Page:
Answers to key questions about the plan to stem spread of coronavirus
Boris Johnson has announced a four-week lockdown in England, following weeks of pressure from his own scientific advisers and opposition parties to introduce tougher measures to tackle coronavirus. The full details of the restrictions will be published on Tuesday before a vote in parliament, but this is what we know so far.
When is England going into lockdown?
The measures will come into place at midnight on Thursday after MPs vote on them this coming week. While the lockdown will end on 2 December, it will be replaced with the current tier system and local restrictions will be introduced depending on an area’s infection rate.
Can different households mix indoors?
No, not unless they are part of an “exclusive” support bubble, which allows a single-person household to meet and socialise with another household.
However, people are allowed to meet one other person outside for “recreation” as well as exercise, and parents are allowed to form a childcare bubble with another household for the purposes of informal childcare, where the child is 13 or under.
What can I leave home for?
People can only leave home for the following reasons:
- To go to work unless it can be done from home.
- Outdoor exercise either with household members or with one person from another household.
- For all medical reasons and appointments.
- To escape injury or harm.
- To care for the vulnerable or volunteer.
- To shop for food and essentials.
- To see people in your support bubble.
- Children will still be able to move between homes if their parents are separated.
However, people could face fixed penalty notices from police for leaving their home without one of the above excuses.
Can I travel?
Most outbound international travel will be banned.
There is no exemption for staying away from home on holiday. This means people cannot travel internationally or within the UK, unless for work, education or other legally permitted exemptions.
Overnight stays away from primary residences will not be allowed, except for specific exceptions including for work.
Which businesses will close?
Everything except essential shops and education settings, which include nurseries, schools and universities, will close.
Entertainment venues will also have to close. Pubs and restaurants will have to close their doors once more. Takeaway and delivery services will still be allowed, while construction and manufacturing will stay open.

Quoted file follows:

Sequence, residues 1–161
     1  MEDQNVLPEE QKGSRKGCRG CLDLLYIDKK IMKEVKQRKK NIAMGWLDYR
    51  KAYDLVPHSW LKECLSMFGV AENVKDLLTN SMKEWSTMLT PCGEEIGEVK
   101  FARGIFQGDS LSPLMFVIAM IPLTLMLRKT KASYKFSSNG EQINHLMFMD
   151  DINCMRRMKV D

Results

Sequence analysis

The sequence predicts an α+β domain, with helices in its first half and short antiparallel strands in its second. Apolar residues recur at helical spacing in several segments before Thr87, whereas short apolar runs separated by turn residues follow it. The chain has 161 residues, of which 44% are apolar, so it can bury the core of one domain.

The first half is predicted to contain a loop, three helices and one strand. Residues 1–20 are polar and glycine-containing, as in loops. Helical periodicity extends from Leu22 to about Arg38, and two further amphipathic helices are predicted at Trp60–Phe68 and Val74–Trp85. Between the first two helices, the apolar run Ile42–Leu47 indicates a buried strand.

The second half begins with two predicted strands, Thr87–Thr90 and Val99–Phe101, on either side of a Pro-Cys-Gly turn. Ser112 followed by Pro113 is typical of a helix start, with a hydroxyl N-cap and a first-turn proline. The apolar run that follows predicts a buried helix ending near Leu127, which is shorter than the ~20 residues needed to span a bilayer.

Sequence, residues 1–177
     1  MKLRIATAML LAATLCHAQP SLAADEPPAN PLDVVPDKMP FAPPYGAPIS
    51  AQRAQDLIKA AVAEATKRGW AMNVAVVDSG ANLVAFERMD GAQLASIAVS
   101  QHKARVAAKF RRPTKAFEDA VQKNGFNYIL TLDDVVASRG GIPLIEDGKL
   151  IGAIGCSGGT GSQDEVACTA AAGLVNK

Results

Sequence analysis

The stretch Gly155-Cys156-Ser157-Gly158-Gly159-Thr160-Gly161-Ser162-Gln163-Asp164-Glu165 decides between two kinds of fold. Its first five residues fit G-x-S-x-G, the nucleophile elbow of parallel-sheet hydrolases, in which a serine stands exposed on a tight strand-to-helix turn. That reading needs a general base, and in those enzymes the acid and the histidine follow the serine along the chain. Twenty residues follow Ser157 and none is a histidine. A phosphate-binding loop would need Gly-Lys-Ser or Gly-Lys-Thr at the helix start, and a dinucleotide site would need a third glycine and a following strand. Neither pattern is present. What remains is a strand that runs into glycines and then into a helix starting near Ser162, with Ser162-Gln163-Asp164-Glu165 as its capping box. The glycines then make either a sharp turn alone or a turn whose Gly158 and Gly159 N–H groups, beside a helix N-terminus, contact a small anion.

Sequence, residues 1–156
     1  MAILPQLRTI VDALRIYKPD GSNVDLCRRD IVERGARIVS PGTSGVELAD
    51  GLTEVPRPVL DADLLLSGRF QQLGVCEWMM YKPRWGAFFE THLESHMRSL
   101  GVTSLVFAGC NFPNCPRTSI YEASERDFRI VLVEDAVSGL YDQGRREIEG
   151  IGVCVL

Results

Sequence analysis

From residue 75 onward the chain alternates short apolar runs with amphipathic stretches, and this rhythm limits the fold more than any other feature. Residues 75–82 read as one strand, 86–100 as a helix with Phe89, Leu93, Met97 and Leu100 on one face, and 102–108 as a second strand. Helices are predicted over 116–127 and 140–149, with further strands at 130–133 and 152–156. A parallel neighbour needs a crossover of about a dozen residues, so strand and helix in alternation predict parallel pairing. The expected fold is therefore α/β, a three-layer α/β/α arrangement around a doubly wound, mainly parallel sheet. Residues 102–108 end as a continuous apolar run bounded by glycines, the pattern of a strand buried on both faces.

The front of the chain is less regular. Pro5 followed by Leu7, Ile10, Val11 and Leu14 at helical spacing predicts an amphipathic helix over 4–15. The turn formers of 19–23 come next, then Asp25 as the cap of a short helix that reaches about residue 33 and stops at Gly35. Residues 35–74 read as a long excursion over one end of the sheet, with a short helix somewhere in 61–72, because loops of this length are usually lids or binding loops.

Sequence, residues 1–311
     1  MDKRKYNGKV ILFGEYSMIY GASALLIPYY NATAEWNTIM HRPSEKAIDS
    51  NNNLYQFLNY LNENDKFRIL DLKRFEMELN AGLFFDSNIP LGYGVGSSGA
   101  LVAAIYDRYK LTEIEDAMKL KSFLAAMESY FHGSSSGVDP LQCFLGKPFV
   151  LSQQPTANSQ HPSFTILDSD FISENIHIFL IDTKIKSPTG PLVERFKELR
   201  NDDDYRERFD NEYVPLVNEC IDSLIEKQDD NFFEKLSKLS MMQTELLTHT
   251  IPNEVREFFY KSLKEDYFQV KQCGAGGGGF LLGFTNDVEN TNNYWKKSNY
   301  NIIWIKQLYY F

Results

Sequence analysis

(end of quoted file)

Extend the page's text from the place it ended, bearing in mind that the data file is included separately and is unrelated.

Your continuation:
Parents will still be able to access registered childcare and other childcare activities where reasonably necessary to enable parents to work.
Public services, such as job centres, courts, and civil registration offices will remain open.
There is no exemption for communal worship in places of worship (except funerals and individual prayer), for organised team sports, or for children’s activities.
Elite sports will be allowed to continue behind closed doors as currently, including Premier League football matches.
Should some people be shielding?
The prime minister said that the clinically vulnerable or those aged over 60 should be especially careful and minimise contacts, but there would be no return to the shielding programme used in the first lockdown. Johnson said those in this category should work from home.
Will there be a return to the furlough scheme?
The furlough scheme was set to end on Saturday and be replaced by a less generous package of support for employers and businesses. But that was before the announcement of a second lockdown. The PM said on Saturday that the old scheme – which pays 80% of salaries – would now be extended throughout November. No further details were given.
Why has the decision been made?
Confirmed cases are rising steeply, with an estimated 568,100 people in households infected in the week ending 23 October. Scientists on the Scientific Advisory Group for Emergencies (Sage) have warned that deaths could potentially hit 500 a day within weeks and that coronavirus could kill 85,000 people this winter.
The group has been concerned that the number of infections and hospital admissions is “exceeding the reasonable worst-case scenario planning levels at this time” and they first called for a national lockdown on 21 September.
“We’ve got to be humble in the face of nature,” said Johnson on Saturday. “The virus is spreading even faster than the reasonable worst-case scenario of our scientific advisers.
“Unless we act, we could see deaths in this country running at several thousand a day – a peak of mortality, alas, bigger than the one we saw in April.”
What difference could a lockdown make?
A lockdown can stem the spread of the virus and thus reduce the reinfection rate.
“The idea of a lockdown is to save lives primarily,” Prof John Edmunds, a member of Sage, told BBC Radio 4’s Today programme on Saturday. “I think the only real way that we have a relatively safe Christmas is to get the incidence right down.”
Johnson warned that “Christmas is going to be different this year” but
added that by taking action now, he hoped that families could be together.